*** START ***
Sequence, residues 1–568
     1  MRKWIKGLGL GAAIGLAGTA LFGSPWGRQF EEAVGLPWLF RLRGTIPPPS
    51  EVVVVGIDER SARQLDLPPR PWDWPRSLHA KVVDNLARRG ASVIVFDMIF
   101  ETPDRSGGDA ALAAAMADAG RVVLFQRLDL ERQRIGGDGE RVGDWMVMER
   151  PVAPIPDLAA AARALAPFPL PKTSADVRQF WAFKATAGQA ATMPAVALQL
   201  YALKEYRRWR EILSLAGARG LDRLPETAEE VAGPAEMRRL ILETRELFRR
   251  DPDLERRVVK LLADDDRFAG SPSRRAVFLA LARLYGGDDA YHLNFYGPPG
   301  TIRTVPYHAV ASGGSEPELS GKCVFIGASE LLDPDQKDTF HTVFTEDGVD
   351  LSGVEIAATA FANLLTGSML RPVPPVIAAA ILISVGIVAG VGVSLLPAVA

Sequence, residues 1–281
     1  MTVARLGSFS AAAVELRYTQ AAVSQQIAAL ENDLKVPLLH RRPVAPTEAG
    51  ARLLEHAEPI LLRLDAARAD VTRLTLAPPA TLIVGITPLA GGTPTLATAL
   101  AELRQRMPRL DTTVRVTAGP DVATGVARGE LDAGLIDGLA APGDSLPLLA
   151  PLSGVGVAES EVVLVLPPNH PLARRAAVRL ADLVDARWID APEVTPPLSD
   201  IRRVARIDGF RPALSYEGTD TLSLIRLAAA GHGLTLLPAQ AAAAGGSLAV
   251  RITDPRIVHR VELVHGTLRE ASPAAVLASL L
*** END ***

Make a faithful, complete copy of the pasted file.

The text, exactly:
Sequence, residues 1–568
     1  MRKWIKGLGL GAAIGLAGTA LFGSPWGRQF EEAVGLPWLF RLRGTIPPPS
    51  EVVVVGIDER SARQLDLPPR PWDWPRSLHA KVVDNLARRG ASVIVFDMIF
   101  ETPDRSGGDA ALAAAMADAG RVVLFQRLDL ERQRIGGDGE RVGDWMVMER
   151  PVAPIPDLAA AARALAPFPL PKTSADVRQF WAFKATAGQA ATMPAVALQL
   201  YALKEYRRWR EILSLAGARG LDRLPETAEE VAGPAEMRRL ILETRELFRR
   251  DPDLERRVVK LLADDDRFAG SPSRRAVFLA LARLYGGDDA YHLNFYGPPG
   301  TIRTVPYHAV ASGGSEPELS GKCVFIGASE LLDPDQKDTF HTVFTEDGVD
   351  LSGVEIAATA FANLLTGSML RPVPPVIAAA ILISVGIVAG VGVSLLPAVA

Sequence, residues 1–281
     1  MTVARLGSFS AAAVELRYTQ AAVSQQIAAL ENDLKVPLLH RRPVAPTEAG
    51  ARLLEHAEPI LLRLDAARAD VTRLTLAPPA TLIVGITPLA GGTPTLATAL
   101  AELRQRMPRL DTTVRVTAGP DVATGVARGE LDAGLIDGLA APGDSLPLLA
   151  PLSGVGVAES EVVLVLPPNH PLARRAAVRL ADLVDARWID APEVTPPLSD
   201  IRRVARIDGF RPALSYEGTD TLSLIRLAAA GHGLTLLPAQ AAAAGGSLAV
   251  RITDPRIVHR VELVHGTLRE ASPAAVLASL L